Peshawar city police chief Liaquat Ali Khan told journalists that a woman was also involved in Friday's suicide attack, raising fears of a new trend of female suicide bombers in Pakistan.
In Islamabad, Gen. Kayani briefed Prime Minister Yusuf Raza Gilani, several Cabinet ministers, and other political leaders including the Punjab Chief Minister Shabaz Sharif, leaders of Opposition parties and coalition partners.
The chief of Inter-Services Intelligence, Lt. Gen. Shuja Pasha, was also in the briefing that continued late into the evening at the Prime Minister's Office.
Reports said the Army chief's briefing would possibly cover a planned offensive against the Taliban. In a show of strength, Pakistan Army jets pounded South Waziristan yet again on Friday, but it is not clear when the actual operation, which is likely to involve ground troops, is to be launched
The wave of terror attacks in the country is being viewed by the security establishment as a move by the militants to divert the nation's energies away from the operation.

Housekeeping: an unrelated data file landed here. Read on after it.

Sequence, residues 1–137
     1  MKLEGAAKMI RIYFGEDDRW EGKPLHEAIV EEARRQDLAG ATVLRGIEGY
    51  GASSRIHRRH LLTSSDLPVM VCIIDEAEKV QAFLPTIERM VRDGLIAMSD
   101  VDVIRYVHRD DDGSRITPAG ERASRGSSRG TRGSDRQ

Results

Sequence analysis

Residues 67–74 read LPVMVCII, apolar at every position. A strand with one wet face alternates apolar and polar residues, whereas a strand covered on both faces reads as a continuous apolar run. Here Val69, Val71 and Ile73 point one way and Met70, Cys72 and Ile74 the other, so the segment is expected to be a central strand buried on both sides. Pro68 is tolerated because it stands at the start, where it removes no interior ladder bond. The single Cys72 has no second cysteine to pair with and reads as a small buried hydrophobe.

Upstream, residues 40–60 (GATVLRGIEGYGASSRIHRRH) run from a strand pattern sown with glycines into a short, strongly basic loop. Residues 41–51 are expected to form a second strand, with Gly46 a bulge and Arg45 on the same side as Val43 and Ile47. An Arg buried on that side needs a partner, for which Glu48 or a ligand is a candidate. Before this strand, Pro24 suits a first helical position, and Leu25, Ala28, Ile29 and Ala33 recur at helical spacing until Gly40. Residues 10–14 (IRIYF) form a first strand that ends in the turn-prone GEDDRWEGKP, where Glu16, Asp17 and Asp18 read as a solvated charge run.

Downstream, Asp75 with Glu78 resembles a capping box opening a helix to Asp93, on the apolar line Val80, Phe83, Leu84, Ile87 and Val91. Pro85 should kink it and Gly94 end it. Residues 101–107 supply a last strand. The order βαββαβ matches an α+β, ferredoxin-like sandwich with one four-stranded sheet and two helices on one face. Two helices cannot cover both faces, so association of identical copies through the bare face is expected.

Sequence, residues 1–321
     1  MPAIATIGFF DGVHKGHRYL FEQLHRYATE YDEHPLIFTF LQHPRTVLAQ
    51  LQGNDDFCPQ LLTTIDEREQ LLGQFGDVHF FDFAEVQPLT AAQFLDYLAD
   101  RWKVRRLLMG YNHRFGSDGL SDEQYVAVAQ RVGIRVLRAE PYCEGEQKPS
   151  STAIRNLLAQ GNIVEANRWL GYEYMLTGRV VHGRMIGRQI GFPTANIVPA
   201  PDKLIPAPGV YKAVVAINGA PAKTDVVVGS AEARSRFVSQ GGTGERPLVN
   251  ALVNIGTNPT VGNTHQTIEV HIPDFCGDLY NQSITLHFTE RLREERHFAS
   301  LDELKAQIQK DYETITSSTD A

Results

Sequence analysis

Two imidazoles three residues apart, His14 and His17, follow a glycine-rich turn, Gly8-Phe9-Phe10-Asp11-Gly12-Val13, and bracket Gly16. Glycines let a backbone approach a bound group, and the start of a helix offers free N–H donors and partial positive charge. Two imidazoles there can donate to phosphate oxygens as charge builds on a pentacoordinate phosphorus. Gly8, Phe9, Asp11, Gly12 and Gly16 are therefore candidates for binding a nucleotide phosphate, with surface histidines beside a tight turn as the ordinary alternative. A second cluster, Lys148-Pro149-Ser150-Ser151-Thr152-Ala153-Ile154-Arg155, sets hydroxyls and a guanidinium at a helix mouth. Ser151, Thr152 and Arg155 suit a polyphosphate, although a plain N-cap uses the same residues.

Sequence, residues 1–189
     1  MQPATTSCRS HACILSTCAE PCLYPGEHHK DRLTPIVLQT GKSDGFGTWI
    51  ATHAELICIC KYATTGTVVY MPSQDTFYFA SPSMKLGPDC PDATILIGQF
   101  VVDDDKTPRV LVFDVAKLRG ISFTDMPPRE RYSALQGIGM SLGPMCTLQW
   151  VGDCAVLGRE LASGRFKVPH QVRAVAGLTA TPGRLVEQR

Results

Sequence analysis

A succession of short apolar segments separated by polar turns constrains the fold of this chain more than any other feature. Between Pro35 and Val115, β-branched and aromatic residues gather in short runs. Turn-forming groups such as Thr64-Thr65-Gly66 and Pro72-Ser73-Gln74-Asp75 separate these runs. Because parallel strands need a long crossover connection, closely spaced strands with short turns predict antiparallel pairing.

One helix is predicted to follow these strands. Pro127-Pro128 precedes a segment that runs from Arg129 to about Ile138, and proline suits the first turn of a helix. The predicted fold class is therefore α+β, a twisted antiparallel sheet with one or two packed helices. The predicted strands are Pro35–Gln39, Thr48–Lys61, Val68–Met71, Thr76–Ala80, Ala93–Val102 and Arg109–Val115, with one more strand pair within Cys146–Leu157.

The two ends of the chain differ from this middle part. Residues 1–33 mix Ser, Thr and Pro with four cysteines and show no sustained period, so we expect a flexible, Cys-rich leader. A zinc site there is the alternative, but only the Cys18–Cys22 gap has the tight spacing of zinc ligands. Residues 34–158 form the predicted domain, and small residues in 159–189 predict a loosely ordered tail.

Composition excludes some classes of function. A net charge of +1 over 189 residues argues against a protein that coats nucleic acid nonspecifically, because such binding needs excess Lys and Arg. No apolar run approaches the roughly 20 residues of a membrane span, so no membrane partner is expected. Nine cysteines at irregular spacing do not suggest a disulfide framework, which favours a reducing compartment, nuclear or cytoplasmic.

The attacks, especially those at Lahore on Thursday and before that at the Army headquarters in Rawalpindi, have also focused attention on the linkages between the Al-Qaeda, the Taliban and Punjab-based jihadist groups.
AP reports from Peshawar:
The bombings targeted a heavily fortified police station in Peshawar.
One attacker drove a car filled with explosives to the main gate of the station, as a motorcycle carrying a man and a woman pulled up behind it, said the Peshawar police chief.
The woman jumped off and ran toward a nearby housing complex where Army officers live, while the man smashed the motorcycle into the car, which exploded into a huge fireball, he said.
Police shot at the woman, who detonated explosives she was wearing.
The blast destroyed part of the police station and a mosque next to it.